However, while increased access to credit for the poor on a long term and sustainable basis can bring significant benefits, MFIs must continue to work to improve efficiency levels, and to increase scale. This will bring down the cost of providing loans, and the benefits transferred to the poor in terms improving loan products, better access to loans, and lower borrowing costs.

The rationale and objective of advancing micro-loans to the ultra poor is to improve their liquidity constraints, create employment opportunities, and induce sustainable incomes by engaging the poor in the reinvention of everything from the bottom-up, with limited top-down directives.

But still, its earliest proponents do not want its reputation tarnished by new investors seeking profits (by making the poor pay a lofty interest and/or transaction costs) on the backs of the poor; though they recognize that the days of just earning enough to cover costs are over.

These proponents also argue the idea of the calculation of Microcredit interest rates set with the aim of providing viable, long-term financial services on a large scale, while subsidized interest rates generally benefit only a small number of borrowers for short period as a pretext.

This approach to breadth of outreach is based on a long-term view of microfinance services and the belief that, in many cases, there is a limit to depth of outreach. This approach thus accepts a trade-off between sustainability and reaching very poor people.

Other practitioners argue that microfinance should make reaching very poor people a priority because credit is a human right in the fight against economic exclusion. This approach requires narrow targeting of very poor people. Both breadth and depth of services are very important for the microfinance industry. What has become apparent, however, is that very poor people are unlikely to be served by microfinance programs unless these programs are intentionally designed to reach them.

There are three kinds of costs the MFIs have to cover when it makes microloans. The first two, the cost of the money that it lends and the cost of loan defaults, are proportional to the amount lent. The third type of cost, transaction costs, is not proportional to the amount lent.

After all the poor is in need of credit facilities. It could be for a new tool, a machine, or a shop in the marketplace—to launch new enterprises, create jobs and help economies to flourish. Poor people have proved time and again that they are able to repay these loans on time, though repayment doesn’t necessarily co notate there are people escaping from the shackles of poverty.

There is an ongoing debate whether credit alone or credit plus is needed for poverty reduction. There are views that credit alone on its own is inadequate to fight poverty. The need for other services is also important in this respect. Such views, although, do not negate the role of credit; fail to appreciate the role of credit on its own merit.

Though the institutes have grown tremendously and profitably is the poor benefiting from their services? This is the question fuming debate by many practitioners.

Currently, no concrete tool for measuring the poverty level of MFI clients exists. Most of the practitioners believe that credit plays a vital role as an instrument of intervention for a poor person to discover his/her potential and to gait for a well again living. Muhammad Yunus advocates that Credit is a human right. Once this right is established, he argued – ‘‘The entitlement to other rights for leading a dignified life becomes easier’’. It empowers to break the vicious cycle of poverty by instantaneously creating self-employment and generating income.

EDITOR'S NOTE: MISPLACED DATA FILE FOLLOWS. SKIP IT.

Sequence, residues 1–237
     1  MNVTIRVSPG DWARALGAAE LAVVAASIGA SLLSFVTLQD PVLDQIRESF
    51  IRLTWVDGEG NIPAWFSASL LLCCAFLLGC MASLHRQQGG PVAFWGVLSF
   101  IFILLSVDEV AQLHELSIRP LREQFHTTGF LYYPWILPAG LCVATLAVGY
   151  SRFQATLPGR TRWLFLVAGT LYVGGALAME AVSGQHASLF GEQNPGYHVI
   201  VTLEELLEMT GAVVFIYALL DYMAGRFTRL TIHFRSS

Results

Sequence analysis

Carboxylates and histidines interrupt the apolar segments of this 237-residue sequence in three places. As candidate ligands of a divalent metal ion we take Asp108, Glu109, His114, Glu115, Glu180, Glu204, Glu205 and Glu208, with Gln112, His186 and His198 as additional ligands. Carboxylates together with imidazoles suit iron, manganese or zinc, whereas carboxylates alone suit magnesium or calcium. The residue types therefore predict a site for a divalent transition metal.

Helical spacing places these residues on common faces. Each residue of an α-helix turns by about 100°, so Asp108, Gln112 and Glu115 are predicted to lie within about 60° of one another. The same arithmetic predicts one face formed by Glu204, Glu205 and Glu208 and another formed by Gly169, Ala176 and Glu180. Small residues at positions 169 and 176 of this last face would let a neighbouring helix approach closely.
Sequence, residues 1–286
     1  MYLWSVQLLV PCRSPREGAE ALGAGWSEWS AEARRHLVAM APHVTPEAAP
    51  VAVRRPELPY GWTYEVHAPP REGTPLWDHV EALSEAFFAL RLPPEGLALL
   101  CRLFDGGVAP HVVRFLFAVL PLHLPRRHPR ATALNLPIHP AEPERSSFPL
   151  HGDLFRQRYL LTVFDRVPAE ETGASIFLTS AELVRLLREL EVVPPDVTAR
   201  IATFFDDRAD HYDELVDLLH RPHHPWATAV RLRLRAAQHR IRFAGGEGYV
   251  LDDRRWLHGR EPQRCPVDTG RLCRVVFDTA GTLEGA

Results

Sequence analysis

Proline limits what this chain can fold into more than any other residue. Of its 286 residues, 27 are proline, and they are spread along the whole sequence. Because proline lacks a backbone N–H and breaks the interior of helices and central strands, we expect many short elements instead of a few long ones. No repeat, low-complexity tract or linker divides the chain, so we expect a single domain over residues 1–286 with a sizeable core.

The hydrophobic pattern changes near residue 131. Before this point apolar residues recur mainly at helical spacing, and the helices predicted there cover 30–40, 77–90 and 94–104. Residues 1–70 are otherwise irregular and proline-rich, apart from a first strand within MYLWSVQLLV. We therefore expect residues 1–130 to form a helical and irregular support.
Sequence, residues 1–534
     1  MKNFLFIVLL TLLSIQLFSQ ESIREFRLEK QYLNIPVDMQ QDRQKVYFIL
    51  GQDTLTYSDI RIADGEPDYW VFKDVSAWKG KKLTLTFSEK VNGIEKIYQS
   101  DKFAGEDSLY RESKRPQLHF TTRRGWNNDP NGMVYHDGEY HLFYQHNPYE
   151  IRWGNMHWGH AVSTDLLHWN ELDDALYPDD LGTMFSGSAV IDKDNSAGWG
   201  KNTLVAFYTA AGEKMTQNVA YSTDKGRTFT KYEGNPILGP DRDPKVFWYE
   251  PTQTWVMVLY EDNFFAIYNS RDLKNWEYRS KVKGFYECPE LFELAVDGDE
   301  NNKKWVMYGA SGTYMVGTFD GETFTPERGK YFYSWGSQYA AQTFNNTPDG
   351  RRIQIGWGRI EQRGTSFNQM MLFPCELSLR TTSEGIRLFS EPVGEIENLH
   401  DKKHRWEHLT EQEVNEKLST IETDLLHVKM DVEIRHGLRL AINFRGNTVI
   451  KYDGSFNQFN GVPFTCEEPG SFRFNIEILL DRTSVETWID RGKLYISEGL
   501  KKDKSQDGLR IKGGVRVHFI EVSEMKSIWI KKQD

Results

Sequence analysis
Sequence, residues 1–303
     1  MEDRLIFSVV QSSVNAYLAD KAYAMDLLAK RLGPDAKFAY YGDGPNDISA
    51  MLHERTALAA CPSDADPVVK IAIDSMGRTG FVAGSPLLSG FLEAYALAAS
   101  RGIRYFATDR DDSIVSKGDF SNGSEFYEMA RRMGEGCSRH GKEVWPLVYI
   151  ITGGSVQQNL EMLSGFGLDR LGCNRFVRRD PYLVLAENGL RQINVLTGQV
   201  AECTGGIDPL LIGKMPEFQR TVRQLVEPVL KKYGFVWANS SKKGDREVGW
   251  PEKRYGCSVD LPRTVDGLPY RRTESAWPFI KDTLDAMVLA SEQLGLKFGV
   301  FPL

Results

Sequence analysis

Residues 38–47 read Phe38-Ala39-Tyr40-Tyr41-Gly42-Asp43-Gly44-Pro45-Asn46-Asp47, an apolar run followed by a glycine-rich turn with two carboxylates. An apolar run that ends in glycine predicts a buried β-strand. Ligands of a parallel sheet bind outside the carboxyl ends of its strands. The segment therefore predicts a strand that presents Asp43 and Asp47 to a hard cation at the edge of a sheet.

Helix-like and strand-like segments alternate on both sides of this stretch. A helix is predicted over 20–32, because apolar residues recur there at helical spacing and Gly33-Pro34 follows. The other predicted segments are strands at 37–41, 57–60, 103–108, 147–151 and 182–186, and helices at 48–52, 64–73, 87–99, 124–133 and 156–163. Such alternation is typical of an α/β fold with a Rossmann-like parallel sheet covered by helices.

When in the ultimate analysis nothing can be said to be cure-all, by overemphasizing that micro-credit is not a panacea is in a sense overreacting and underestimating the role of credit as an instrument to combat poverty. Micro-credit is itself a very powerful tool. But if it is combined with others, it is definitely more empowering.

According to the Association of Ethiopian Microfinance Institutions (AEMFI), until December 31st 2008 there were 2,220,901 active clients, with an outstanding loan of 4,606,885,776 ETB and a total saving of 1,575,635,740 Birr with in the 27 member MFIs of the association. The total asset of the 26 members of the association has reached 5,462,578,130 Birr and total liability of 4,061,476,516 birr and total capital of 1,401,101,614 birr.

Though this industry is flourishing and access to money is by far becoming near to the poor, the link with Micro and Small Trade and Industry Promotion Agencies, and Local Technical and Vocational Training Centers or even Farmers’ Training Centers (FTCs) and Community Skills Training Centers (CSTCs) is the weak link in the chain.

It is not the amount of money lent by Microfinance institutes that matters most. What matters most is the change in the lives of the poor and in fact the poorest of the poor. The tangible change that is the rise in the number of people above poverty line can rise when the ability of the poor in assessing profitable business opportunities and developing business even literacy and innumeracy is not the case anymore, communication skills, life skills, business skills etc are mastered by the poor. This should have to be and can be inculcated as an add-on component in an integrated manner by the CBOs mentioned above.

Otherwise the role of MFIs is like doling out financial relief to the poor. This is like “the canaries in the mines.” for Governments and other practitioners. Coal miners in England and the United States took these small birds into the mines. The reason was because they would normally sing almost constantly but when poisonous gases began to overwhelm them they would stop singing, thereby warning the miners of danger.

Now that we have MFIs, realizing the ‘’Credit right of the poor’’, but is there any mechanism/s that pledge the credit right has enabled – ‘’the entitlement to other rights for leading a dignified life’’? Breaking the vicious cycle of poverty, instantaneously creating self-employment and generating income?

By Wondwossen W. Mebrat, Amhara Reaching Women Projects Supervisor for Development Expertise Center (DEC-Ethiopia), A local Frontline Office for Edukans Foundation